Video shot by a teenager and obtained recently by The Wash raises questions about the actions of some DC Metropolitan police officers during what was described as a “disorderly affray.”
According to a police report, a cruiser responded on October 13 to a parking lot adjacent to the Wawa convenience store on 40th Street NW.
Initial reports circulated on social media by DC Police stated, “The crowd of approximately 300 juveniles was dispersed from the immediate area.”
The report did not state how they were dispersed, but video and audio recordings from that night show they did so, in part, using MPD-issued Oleoresin Capsicum (OC) spray.
Among those concerned about this tactic is a parent whose child obtained a video of the incident. She agreed to speak with The Wash if we withheld her identity. She did not want her high school-aged child to get in trouble.
“I have a video of the police macing the students. And I have a video of students inside the Wawa grabbing milk to put milk on their eyes ’cause they can’t see,” the mother told The Wash.
In addition to parental concerns over the use of pepper spray on teens, the parent said there were nowhere near 300 students present.
The Department later issued a new police report and said that about 50 juveniles were on the scene, with approximately 10 directly engaging in the altercation that erupted around 8 p.m. Despite the upheaval, no injuries were reported.
“I was just disheartened by the way it came out, and the correction was done kind of like it wasn’t a huge mistake. From 300 to 30 to 50 is a significant difference,” The source said.
— Alan Henney (@alanhenney) October 15, 2023
Captain Darren Haskis of the District Metropolitan Police Department, addressing the overestimation, clarified, “Post a high school football game, what started as a dispute unfortunately escalated. We recognize and understand the concerns surrounding the initial overestimation.”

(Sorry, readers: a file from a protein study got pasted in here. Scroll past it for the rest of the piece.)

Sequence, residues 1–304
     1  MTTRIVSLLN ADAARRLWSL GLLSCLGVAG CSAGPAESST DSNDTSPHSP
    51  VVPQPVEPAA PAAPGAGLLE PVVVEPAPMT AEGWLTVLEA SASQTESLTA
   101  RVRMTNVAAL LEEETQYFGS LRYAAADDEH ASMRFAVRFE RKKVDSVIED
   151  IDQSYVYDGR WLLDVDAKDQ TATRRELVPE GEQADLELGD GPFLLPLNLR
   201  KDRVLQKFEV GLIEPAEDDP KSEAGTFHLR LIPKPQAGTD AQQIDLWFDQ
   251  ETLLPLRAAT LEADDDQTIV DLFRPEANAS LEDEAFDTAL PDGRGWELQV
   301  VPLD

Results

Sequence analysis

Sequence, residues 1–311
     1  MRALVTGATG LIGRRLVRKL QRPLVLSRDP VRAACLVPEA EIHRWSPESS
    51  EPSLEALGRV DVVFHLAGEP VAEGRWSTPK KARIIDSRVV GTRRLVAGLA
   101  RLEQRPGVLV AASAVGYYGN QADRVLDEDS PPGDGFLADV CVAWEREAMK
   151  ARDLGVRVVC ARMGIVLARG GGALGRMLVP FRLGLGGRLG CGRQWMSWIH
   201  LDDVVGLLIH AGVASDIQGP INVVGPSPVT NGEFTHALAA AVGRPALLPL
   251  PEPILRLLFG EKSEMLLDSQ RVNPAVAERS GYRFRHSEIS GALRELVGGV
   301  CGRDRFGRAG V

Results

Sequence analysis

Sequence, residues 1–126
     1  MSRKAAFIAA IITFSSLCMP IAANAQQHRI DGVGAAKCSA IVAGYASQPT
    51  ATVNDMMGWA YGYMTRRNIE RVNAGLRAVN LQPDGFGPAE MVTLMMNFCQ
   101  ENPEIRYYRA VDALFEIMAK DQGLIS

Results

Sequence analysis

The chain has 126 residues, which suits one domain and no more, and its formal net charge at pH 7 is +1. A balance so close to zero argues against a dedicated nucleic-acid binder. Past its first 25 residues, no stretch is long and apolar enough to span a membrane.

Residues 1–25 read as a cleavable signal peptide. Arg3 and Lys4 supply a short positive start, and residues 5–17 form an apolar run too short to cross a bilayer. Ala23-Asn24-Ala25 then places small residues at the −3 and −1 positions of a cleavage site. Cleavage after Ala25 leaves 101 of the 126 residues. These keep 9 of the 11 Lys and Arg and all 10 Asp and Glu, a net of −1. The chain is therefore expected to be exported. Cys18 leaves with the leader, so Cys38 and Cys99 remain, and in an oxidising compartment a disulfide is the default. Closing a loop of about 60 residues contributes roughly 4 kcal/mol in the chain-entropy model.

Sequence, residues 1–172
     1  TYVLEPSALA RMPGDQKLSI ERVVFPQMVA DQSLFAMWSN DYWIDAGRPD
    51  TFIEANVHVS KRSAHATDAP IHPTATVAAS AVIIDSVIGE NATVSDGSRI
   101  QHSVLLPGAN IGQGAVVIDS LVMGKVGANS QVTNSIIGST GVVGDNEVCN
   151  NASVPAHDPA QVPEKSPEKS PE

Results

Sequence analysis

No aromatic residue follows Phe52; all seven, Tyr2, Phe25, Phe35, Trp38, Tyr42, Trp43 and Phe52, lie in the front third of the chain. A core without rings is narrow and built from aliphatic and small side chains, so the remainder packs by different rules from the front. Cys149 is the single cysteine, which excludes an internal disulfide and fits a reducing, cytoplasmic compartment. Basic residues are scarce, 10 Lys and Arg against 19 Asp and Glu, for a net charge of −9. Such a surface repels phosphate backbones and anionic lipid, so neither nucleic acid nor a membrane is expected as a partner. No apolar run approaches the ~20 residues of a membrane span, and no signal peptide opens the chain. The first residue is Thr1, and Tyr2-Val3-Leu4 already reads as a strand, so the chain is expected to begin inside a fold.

Based on the video, we can see several juveniles arguing and fighting outside of the Wawa. One officer is seen trying to move the crowd along while two other officers in another part of the parking lot shoot pepper spray at another group of teens.
The video also shows teenagers running inside the Wawa store, grabbing milk and pouring it into their eyes, a well-known relief from the burning sensation caused by OC spray.
The Wash asked the police about its protocols.
Captain Haskis said, “Our officers are equipped with MPD-issued Oleoresin Capsicum (OC) spray for specific scenarios. However, its use on those under 12 is very restricted unless in dire situations.”
The Tenleytown Wawa convenience store is located 0.2 miles from Jackson-Reed High School, which hosted a football game against Dunbar High School on the night of the brawl.
When approached by the Wash about the incident, Jackson-Reed High School officials declined to comment on whether they were aware of the disturbance and if students had been disciplined.
However, the District of Columbia Public Schools(DCPS) said it had knowledge of the incident.
Kera Tyler, DCPS Public Information Officer, confirmed the involvement of Jackson-Reed High School students. Tyler further emphasized the broader implications of such incidents on the school environment.
“We don’t want that type of conflict to impact our students or to carry over to other campuses. The school is actively working to remediate the situation between students,” Tyler said.
Given the uptick in juvenile-related incidents, Captain Haskis highlighted the MPD’s approach.
“We’re not just reacting to situations but also actively collaborating with schools and communities. Post the Wawa incident, we intensified our patrols around Jackson-Reed High School and took measures to prevent any escalation,” Haskis said.
The Wash tried to talk to Wawa staff about the incident. The store manager, citing company policy, declined to comment.